An example of such actions is a decision by the Green Climate Fund (GCF), part of the financial mechanism of the UNFCCC and the Paris Agreement, to assess the overall portfolios of accredited entities. This assessment should cover the carbon footprints of the lending portfolios of private, public and multilateral banks, for example, along with a range of positive and negative climate-related impacts of the portfolio.

This sends a clear message that if such institutions wish to remain partners of the GCF, they must demonstrate that their portfolios are increasingly supportive of the climate objectives, rather than undermining them through, for example, financing fossil fuel technologies.

In an important parallel development, the Financial Stability Board (mandated by the G20) established the Task Force on Climate-related Financial Disclosures, which is developing guidelines for assessing carbon footprints and other climate-related risks and making recommendations for harmonising and deepening practices and methodologies for disclosing wider portfolio risks.

Shifting the trillions

Although we are seeing indications of change, governments are still not acting quickly enough to confront climate change. This is despite increasing evidence that the cost of not acting decisively will sharply increase over time.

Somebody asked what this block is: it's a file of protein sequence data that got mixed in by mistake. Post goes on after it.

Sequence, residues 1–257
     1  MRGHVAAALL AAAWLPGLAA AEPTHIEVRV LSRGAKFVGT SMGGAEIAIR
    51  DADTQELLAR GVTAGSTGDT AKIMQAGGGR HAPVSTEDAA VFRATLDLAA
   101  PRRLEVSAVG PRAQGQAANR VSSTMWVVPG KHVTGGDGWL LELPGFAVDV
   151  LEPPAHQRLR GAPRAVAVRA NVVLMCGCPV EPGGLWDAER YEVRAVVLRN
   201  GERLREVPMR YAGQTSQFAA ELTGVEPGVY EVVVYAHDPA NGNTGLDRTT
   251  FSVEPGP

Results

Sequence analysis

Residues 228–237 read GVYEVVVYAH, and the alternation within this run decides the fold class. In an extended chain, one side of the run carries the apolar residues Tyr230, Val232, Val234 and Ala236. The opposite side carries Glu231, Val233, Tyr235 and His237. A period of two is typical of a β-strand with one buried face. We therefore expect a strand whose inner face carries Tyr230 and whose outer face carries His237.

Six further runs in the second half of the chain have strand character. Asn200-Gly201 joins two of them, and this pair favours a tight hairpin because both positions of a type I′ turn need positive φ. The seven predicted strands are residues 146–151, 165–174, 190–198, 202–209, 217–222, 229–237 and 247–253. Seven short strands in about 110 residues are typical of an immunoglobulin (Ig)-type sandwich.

All countries, independently of their development stage, should accelerate efforts to “shift the trillions” towards low carbon resilient societies. An estimated 2 trillion of additional investments per year are needed by 2030 in low or zero emission renewable production and energy efficiency.

The cost of shifting the trillions is negligible compared with the social, economic and environmental costs that 3°C or more of global warming will carry. Many investments in low carbon solutions are already cost competitive with traditional comparable investments, and countries could start with those. Additional investments are needed in other areas, like low carbon agriculture, forest protection and restoration, etc.

In addition to signing the Paris Agreement, leaders and their governments must align financial flows with the 1.5°C goal on multiple fronts – government budgets, public and public interest financial institutions, investments in infrastructure, financial sector regulation, etc. All financial decisions must be based on a proper assessment of climate related risks and the need for economies of scale in climate solutions.

Carbon pricing must be expanded, but always accompanied by the proper compensation policies to protect the most vulnerable negatively affected by such measures.

All this is in the hands of all signatory governments. We need more than ink on paper, we need more than nice speeches and ceremonies. We need real coherence and commitments from the world leaders. The decisions they take at home will be the best test of the Paris Agreement and success in fighting dangerous climate change.

Santiago Lorenzo is the head of Green Finance and Mark Lutes is Senior Global Climate Policy Advisor, both with WWF International’s Global Climate and Energy Initiative.

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The cost of transitioning to a climate-resilient world is negligible, compared to the price of inaction.